Yup.  Last night I ripped the whole thing apart except for the plumes. I surely didn't want to have to take the whole thing apart but I did. I had to because when you give someone a quilt you lose control of it.

Here's what happened.  SIL Joyce works exclusively in batiks.  This weekend I asked her if batiks bleed.  I had this saturated navy blue and a small piece of red that was NOT deeply dyed.  She said the colors that tend to bleed are the deep blues and reds.  
I got a sick feeling in my head.  When I bought these fabrics in Shipshewana in a store that exclusively sold batiks I specifically asked the clerk, who I assumed knew batiks better than I did, if I needed to wash the navy blue first and she said no. And, no, I don't usually wash my fabrics first. Some people do, I don't.  Occasionally, but not as a practice.  
SO.  The little voice in me started talking.  The niggling little me tapping me on the shoulder, begging me to pay attention to me.  But I went on what I thought was the authority, the person in the store that said I wouldn't have to.  And I proceeded to piece those planes.

Now I am at the point of putting that deep navy border around that pale blue.  And I started looking at the planes again. And this time little me was practically shouting at me.  So I asked Joyce. 

These were the color catchers after the first wash.  Yeah.  I took a small piece and put it in the bathroom sink and was horrified.  The water, the sink, the counter, my hands this color.  It looked like a dye vat. I grabbed the large pieces, sewed a zigzag around the edges (so they wouldn't fray in the wash, something I do to every raw border before washing and before quilting.  Hand quilting puts a lot of stress on raw edges.) and put the color catchers in and took it through a warm wash.  Of course I was horrified.  This could have been what the whole quilt looked like the first time it was washed.  I put it through another turn in the machine.  The color catchers came out looking like the pale blue background.  Third wash and it was ok.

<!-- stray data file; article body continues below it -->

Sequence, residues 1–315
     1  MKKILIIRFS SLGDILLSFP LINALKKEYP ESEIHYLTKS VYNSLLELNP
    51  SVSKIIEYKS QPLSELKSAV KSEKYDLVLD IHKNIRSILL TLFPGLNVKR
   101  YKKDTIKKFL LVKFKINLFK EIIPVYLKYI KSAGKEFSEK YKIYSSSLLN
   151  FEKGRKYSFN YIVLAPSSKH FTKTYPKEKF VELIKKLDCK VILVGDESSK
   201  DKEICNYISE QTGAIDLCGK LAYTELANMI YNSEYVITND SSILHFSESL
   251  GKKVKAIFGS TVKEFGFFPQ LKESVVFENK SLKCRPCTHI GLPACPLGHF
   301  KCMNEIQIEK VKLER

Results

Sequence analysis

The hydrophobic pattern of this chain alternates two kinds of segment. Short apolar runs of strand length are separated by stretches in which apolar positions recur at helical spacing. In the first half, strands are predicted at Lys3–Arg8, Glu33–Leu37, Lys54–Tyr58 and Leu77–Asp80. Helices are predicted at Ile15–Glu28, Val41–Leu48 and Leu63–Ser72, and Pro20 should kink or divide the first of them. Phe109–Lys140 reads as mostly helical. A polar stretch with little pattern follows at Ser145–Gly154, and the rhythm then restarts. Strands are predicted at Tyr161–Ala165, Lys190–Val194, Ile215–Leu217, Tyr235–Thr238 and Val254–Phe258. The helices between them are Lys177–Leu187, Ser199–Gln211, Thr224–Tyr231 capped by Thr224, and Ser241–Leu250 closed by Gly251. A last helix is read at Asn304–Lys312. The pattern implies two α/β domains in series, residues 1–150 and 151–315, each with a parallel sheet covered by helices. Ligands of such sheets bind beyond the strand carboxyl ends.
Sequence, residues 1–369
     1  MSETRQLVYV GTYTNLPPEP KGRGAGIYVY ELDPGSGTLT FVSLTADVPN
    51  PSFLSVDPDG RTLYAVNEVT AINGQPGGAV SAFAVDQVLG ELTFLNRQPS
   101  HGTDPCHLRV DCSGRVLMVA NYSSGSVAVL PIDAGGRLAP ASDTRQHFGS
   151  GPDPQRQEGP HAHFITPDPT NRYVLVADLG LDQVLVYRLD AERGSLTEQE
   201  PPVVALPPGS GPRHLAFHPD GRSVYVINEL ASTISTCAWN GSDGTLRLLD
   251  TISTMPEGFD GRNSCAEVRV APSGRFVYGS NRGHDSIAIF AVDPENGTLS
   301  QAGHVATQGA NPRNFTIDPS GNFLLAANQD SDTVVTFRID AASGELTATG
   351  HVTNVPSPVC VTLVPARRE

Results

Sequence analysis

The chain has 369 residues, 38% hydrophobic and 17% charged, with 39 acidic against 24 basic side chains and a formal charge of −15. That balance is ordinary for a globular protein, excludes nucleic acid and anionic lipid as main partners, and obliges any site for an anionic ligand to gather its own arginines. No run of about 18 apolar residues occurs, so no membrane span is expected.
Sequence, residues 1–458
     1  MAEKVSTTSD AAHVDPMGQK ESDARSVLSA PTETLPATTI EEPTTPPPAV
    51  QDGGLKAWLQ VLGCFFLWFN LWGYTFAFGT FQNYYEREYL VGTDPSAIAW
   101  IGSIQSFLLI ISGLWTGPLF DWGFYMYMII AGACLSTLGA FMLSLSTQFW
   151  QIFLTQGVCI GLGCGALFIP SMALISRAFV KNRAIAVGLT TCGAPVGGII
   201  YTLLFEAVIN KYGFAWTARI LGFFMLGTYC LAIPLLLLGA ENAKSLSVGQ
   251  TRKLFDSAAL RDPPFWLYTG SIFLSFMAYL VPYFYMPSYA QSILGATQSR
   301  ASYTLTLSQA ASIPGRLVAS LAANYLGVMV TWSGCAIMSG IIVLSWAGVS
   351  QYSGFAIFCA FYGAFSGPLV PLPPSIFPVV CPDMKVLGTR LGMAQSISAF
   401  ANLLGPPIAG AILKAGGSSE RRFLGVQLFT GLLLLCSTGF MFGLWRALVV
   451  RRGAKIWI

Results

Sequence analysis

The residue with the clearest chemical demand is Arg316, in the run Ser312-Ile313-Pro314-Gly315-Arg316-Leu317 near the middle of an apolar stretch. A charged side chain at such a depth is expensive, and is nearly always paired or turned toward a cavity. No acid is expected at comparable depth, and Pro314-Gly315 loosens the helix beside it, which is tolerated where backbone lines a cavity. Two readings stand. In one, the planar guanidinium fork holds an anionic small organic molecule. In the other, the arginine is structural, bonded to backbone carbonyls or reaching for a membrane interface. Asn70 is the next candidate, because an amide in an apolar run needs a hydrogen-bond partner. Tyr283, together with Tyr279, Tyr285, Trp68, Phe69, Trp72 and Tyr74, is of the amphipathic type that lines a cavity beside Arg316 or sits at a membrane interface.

Last night I ripped the whole thing apart. 

Lesson learned?  Listen to yourself.

Friday, August 11, 2023

All Good

 Just since the last post we've been to PH's brother's cottage again for a few days, to our Ceci's birthday party, dinnered with two sets of friends, cleaned out some of the garage.  It's been a good time, the weather is cooperating and it's only the middle of August.  Still plenty of summer left because here in Michigan, September could be considered the prettiest month.

                                                       Of all, I only took a photo of our Ceci

Oh, and I finally started to work on Charlie's quilt again.  I had the applique done so kind of procrastinated about starting to put the borders on.  I have two borders that fit on the bottom, one a layer of land and one a layer of sea.  So, one day I drew out the land, measured 82 times so I didn't blow it, cut it out, pinned it in place, basted it down and appliqued the green onto the blue.  

Can you see it?  It's upside down. I held it up and there they are, flying straight for a crash landing into the land. Photo. Seam ripper. Round two.